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Middle East

Israel called to account over latest settlement plans by European countries

Israel plans to build 3,000 settler homes in territories captured in 1967 to punish the Palestinians for winning UN recognition of a state of Palestine

Four European countries have summoned their Israeli ambassadors over its latest settlement construction push, deepening the rift between the Jewish state and allies.

Although Europe considers all Israeli settlement construction illegal, the summoning of ambassadors in France, Britain, Sweden and Spain to accuse Israel of undermining already troubled peace efforts was an unusually strong expression of displeasure. It came as Israel was already annoyed over Europe's failure to back the Jewish state in its campaign against Palestinian UN statehood.

There was fury over Israel's announcement on Friday that it would move ahead on plans to build 3,000 settler homes in territories Israel captured in 1967 to punish the Palestinians for winning UN recognition of a state of Palestine.

Israel also said it would begin planning work on an especially sensitive piece of land outside Jerusalem that it has refrained from developing because of US pressure.

After a flurry of angry phone calls from European capitals to Israel over the weekend, France summoned the Israeli envoy to Paris. France, the first major European country to announce support for the Palestinian statehood effort, wrote to the Israeli government, calling the settlement decision "a considerable obstacle to the two-state solution."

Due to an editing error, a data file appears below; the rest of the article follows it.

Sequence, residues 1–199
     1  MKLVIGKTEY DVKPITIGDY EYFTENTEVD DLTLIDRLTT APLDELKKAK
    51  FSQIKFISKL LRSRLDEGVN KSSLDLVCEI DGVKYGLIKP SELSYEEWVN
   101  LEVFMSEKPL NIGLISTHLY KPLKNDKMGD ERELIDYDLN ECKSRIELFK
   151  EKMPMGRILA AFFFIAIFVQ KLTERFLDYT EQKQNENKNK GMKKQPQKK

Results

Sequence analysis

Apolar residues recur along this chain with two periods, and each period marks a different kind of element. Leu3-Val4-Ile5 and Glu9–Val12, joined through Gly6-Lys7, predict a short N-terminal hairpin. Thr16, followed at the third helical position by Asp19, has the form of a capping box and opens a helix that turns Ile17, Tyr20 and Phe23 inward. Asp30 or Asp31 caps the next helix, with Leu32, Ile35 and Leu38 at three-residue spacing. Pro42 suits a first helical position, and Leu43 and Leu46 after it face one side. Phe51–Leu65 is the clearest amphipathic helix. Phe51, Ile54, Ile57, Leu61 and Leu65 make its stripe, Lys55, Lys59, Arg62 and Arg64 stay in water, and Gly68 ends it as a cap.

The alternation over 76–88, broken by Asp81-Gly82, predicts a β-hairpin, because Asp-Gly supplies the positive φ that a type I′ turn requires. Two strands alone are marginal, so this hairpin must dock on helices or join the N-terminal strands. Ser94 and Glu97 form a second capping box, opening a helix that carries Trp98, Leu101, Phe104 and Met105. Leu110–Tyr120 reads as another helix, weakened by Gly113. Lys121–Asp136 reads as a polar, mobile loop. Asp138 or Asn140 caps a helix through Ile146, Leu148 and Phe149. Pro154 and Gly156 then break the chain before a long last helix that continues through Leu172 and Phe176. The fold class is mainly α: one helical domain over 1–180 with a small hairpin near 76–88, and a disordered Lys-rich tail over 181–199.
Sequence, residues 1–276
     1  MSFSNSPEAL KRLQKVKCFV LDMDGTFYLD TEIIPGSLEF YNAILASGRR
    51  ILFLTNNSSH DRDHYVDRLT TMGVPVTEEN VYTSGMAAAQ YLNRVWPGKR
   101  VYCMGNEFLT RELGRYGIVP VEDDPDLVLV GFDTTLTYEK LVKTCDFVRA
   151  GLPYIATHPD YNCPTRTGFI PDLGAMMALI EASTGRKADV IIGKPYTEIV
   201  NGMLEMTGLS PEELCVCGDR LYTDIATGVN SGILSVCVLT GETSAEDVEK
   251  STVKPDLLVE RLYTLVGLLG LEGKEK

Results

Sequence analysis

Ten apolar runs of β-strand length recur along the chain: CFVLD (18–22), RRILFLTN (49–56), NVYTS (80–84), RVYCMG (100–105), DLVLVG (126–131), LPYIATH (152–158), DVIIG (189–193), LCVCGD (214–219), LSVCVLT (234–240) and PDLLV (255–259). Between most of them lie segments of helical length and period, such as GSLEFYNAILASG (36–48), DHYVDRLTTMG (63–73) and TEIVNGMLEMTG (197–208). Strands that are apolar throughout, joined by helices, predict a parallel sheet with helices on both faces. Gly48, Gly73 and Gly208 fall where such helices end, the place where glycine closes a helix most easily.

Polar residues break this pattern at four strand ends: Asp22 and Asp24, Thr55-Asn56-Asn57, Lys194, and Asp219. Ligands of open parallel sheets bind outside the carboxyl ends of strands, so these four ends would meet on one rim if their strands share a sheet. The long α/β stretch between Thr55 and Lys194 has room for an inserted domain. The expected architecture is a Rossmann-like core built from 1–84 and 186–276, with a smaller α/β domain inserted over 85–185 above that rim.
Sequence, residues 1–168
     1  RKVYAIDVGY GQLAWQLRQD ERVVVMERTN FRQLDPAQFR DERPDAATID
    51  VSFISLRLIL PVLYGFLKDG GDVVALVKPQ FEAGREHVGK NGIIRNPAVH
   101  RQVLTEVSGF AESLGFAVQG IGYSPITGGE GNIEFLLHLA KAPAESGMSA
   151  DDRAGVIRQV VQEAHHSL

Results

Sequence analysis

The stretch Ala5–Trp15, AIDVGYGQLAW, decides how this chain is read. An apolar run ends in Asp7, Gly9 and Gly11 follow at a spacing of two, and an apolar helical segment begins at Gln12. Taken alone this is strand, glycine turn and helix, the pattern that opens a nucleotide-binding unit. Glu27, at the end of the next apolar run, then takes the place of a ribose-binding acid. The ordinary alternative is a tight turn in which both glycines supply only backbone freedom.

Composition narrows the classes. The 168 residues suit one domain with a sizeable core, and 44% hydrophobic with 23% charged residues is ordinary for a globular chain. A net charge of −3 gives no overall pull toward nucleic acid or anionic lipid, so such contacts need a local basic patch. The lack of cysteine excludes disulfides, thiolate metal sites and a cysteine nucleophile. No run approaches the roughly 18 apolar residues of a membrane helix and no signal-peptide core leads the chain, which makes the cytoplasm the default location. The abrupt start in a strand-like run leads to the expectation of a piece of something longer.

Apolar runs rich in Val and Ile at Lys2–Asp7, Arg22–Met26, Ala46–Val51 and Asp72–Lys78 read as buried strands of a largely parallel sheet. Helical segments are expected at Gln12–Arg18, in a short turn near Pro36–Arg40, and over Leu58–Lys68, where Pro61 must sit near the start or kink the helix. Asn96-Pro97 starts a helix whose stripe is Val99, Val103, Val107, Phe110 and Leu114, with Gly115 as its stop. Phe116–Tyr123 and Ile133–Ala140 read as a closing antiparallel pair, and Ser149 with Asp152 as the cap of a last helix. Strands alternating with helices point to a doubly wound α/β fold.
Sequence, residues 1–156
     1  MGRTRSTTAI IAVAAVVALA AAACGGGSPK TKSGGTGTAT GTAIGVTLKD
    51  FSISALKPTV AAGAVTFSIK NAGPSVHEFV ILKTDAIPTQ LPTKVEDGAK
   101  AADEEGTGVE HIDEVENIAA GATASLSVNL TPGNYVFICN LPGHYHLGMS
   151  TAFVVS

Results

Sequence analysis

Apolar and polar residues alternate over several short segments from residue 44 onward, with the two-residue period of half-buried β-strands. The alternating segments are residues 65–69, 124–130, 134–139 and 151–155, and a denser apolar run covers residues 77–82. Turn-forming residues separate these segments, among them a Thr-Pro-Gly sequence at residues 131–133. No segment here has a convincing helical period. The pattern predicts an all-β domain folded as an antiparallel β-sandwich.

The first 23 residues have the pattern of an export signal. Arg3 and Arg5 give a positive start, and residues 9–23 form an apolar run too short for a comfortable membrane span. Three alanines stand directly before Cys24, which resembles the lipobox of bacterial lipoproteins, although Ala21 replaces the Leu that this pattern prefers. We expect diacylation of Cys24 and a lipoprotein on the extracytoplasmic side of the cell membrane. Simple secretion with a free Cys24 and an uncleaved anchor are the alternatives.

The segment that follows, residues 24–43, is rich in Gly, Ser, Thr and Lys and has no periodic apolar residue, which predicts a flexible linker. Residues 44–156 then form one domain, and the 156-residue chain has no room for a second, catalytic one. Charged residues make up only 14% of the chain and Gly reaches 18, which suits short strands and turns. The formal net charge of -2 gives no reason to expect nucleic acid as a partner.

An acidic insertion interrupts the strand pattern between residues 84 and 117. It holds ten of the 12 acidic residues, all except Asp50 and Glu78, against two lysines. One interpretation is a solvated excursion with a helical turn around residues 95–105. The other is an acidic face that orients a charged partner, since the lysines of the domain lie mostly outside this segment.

Britain, which abstained in the UN vote, urged Israel to reverse the decision as it summoned Israeli ambassador Daniel Taub to the Foreign Office. Swedish Foreign Minister Carl Bildt told parliament that "together with other EU countries we will discuss other potential steps," but he would not elaborate.

British officials said London was looking to Washington to take the lead.

None of the four European governments openly threatened any concrete measures to punish Israel.

Senior Palestinian official Nabil Shaath praised the Europeans for taking action.

"We've been expecting this kind of behaviour for a long time," he said. "For this to come from France and England is very beneficial to us. We highly appreciate it and we are hoping the US will follow their lead."

Germany, which abstained in the UN vote, expressed concern over the Israeli move but would not say whether it had taken any direct measures in response. Israeli Prime Minister Benjamin Netanyahu is due in Berlin on Wednesday for a previously scheduled meeting with Chancellor Angela Merkel.

The growth of settlements, now home to half a million Israelis, is at the heart of the four-year breakdown in negotiations.

The Palestinians view continued settlement expansion as a show of bad faith and refuse to return to talks unless construction is frozen.

Following his talks with the ambassador, Mr Burt said: "I set out the depth of the UK's concern about these decisions and I called on the Israeli government to reverse them.

"The settlements plan in particular has the potential to alter the situation on the ground on a scale that threatens the viability of a two state solution.

"I also made clear that the strength of our reaction stems from our disappointment that the Israeli government has not heeded the calls that we and others had made for Israel to avoid reacting to the UN General Assembly resolution in a way that undermines the Palestinian Authority or a return to talks."